Beyond being well researched, stylishly curated and delivered lucidly with a striking balance of gravitas and wit by three compelling think-talkers, the Gabfest is also cannily edited. Producer Jesse Baker’s crafty cutting and slicing allows the program to transcend the three-smart-people-shooting-the-shit-at-a-BBQ scenario, and to actually set an enviable standard for the craft of contemporary cultural commentary.

Among gabfest fans circulates another inevitable question: ‘Who is your favourite of the three?’ Sydney-based Sam Twyford-Moore, who talks to Rebecca Giggs and Fiona Wright on another literary and culture podcast called The Rereaders (clearly inspired by the Gabfest), once told me that for him it’s Metcalf, the inhumanly sharp host. I am a Dana Stevens man myself, though I am also rather partial to Steve. Oh heck, I love ‘em all. Julia Turner is deputy editor of Slate, and a sassy and erudite one at that. Dana and Stephen are both self-described ‘refugees from the academy’ who went on to become critics and writers. Other Dana devotees may already know that the woman wrote a PhD thesis that was supervised by none other than that venerable icon of post-everything gender theory, Judith Butler. But the scholarly heritage doesn’t mean she delivers her reflections on the latest Bob Dylan album, or her reading of HBO’s hit series Girls, in poststructuralist riddles.

But nor do the gabfesters dumb down their discussion for the sake of some imagined listener who may be put off by the casual use of the word ‘gestalt’, or an impassioned diatribe about the New York Times’ online paywall that sounds reminiscent of neo-Marxist materialism. As bright and culturally savvy as they might be, RN’s Cassie McCullough and Jason DiRosso, for example, can’t quite get away with that on Common Knowledge. So why do the Slaters get to? Maybe because they’re New York intelligentsia and they’re a bit less cultural-cringey about demonstrating their critical arsenals? Perhaps it’s because the Gabfest started life as a podcast and not a broadcast radio show, which by necessity has to pay more heed to the pre-existing listener demographic and its (supposed) demands.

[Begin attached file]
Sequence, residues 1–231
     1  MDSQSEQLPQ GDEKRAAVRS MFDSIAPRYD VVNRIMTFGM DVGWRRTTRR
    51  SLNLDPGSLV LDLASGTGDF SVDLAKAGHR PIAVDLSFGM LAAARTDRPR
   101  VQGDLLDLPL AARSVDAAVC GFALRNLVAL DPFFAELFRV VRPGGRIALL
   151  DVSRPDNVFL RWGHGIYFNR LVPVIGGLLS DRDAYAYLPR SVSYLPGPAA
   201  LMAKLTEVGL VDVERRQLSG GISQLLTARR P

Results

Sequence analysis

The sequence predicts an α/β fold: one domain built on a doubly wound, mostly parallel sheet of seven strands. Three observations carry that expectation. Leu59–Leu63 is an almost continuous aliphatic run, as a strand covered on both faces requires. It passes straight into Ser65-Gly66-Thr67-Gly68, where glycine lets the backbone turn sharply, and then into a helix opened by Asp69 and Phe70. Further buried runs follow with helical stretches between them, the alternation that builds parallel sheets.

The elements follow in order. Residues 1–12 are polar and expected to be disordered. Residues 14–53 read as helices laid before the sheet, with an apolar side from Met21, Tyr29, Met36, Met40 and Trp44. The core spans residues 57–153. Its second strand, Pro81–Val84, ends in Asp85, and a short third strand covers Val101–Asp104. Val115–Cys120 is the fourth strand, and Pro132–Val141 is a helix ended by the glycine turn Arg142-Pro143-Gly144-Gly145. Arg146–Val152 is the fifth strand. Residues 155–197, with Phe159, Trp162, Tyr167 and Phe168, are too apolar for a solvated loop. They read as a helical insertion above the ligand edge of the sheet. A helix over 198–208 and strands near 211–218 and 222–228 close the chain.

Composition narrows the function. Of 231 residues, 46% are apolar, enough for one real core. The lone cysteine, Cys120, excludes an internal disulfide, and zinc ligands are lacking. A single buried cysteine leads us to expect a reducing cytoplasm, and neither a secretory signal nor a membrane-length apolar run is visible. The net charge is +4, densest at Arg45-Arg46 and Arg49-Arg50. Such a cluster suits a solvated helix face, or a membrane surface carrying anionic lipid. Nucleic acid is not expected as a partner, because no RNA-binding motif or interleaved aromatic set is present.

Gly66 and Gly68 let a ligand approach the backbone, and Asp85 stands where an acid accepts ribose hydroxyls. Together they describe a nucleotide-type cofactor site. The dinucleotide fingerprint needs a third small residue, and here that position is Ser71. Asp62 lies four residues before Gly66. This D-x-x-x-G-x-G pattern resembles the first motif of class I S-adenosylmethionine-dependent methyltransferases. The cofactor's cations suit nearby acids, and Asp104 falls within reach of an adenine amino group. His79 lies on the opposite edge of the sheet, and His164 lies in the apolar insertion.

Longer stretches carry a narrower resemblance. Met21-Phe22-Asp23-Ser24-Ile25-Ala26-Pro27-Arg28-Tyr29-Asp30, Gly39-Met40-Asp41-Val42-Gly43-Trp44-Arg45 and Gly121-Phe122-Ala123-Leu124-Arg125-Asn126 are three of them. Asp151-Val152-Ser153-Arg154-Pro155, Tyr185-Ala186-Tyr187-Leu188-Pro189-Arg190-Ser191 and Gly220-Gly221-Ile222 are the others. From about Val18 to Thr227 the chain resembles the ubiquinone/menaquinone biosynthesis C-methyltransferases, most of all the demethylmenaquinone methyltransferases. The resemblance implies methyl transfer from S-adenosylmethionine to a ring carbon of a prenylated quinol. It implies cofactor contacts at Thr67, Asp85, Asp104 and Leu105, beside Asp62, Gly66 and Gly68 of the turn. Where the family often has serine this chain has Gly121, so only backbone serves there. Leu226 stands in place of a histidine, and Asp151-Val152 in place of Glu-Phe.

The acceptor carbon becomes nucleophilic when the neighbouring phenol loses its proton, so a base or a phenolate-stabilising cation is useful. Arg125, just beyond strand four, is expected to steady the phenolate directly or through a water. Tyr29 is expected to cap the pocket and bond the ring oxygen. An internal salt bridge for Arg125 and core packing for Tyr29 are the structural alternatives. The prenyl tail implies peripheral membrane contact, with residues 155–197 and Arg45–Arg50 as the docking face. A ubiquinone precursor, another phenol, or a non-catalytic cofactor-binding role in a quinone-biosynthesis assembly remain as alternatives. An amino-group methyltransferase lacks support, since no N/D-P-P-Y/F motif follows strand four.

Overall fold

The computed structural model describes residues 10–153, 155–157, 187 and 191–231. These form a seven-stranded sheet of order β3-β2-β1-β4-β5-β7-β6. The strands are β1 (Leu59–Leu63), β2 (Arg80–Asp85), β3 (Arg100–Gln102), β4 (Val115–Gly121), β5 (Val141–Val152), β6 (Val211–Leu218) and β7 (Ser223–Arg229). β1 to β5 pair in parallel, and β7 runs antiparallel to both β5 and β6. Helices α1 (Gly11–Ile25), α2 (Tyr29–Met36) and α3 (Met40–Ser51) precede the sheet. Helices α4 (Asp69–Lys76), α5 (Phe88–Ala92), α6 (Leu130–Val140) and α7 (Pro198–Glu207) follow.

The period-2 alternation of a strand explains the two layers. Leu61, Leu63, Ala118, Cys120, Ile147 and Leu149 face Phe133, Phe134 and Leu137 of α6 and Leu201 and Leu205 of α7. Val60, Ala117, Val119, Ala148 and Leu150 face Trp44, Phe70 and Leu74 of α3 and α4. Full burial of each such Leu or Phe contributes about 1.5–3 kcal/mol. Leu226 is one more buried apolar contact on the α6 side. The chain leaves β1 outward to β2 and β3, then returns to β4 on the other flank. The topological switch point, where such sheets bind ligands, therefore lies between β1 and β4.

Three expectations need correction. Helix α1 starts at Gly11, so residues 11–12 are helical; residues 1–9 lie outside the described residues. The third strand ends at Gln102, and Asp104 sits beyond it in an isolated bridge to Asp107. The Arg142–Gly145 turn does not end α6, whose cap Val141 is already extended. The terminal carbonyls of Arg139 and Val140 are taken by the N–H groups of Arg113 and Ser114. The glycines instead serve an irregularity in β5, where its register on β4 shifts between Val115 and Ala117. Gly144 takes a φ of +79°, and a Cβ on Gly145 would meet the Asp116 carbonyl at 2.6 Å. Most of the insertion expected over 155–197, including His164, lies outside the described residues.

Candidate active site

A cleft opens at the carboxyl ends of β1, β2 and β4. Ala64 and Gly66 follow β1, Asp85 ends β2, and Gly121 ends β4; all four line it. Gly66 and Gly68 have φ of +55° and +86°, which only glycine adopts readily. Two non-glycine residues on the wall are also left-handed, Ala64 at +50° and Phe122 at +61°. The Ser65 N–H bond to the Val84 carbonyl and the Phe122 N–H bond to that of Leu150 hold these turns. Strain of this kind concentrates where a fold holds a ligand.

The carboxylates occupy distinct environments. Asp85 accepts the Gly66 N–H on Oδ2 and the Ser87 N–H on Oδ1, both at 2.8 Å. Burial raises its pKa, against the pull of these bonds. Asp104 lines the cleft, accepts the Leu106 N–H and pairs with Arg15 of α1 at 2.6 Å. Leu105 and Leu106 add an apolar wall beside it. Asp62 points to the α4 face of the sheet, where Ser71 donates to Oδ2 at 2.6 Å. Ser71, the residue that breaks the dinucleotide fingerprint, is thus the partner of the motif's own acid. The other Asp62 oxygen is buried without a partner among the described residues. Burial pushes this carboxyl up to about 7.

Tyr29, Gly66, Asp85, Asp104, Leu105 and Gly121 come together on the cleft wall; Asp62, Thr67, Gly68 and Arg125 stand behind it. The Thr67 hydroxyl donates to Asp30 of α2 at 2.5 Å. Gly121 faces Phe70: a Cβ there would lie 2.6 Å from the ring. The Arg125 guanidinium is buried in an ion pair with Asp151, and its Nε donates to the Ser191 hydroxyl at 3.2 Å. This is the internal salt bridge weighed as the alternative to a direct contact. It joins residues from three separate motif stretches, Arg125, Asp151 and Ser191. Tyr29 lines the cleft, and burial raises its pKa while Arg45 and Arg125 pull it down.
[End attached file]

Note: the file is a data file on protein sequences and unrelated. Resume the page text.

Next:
Given the expert working of the cultural nerve displayed by the Gabfesters and their ilk, I sometimes wonder pensively if there is still a role for the academy in the critique of popular culture. Of course, ‘critique’ is different to commentary, deploying different methods to different ends. But it is sometimes difficult to feel confident about the relevance of the slower, more painstaking work of academic cultural research like my own when Julia, Dana and Stephen are busy doling out such acute cultural diagnoses on a fortnightly basis. I’m pretty sure the likes of Metcalf would defend the enduring value of a liberal arts education (no doubt alongside an equally impassioned, and probably hilarious diatribe against the neoliberal university). But the question still stands, especially as it is these critics’ jobs to be utterly immersed in popular culture. Academic questions aside, these people belong to a definite type of modern-day expert: professional hypothesisers on the rise of the Kardashians, or what Charlie Sheen’s public career meltdown means about contemporary media culture, which are surely important questions. Nice work if you can get it.

Dion Kagan is a Melbourne-based researcher and lecturer in screen, cultural and literary studies and an editorial advisor at Paper Radio.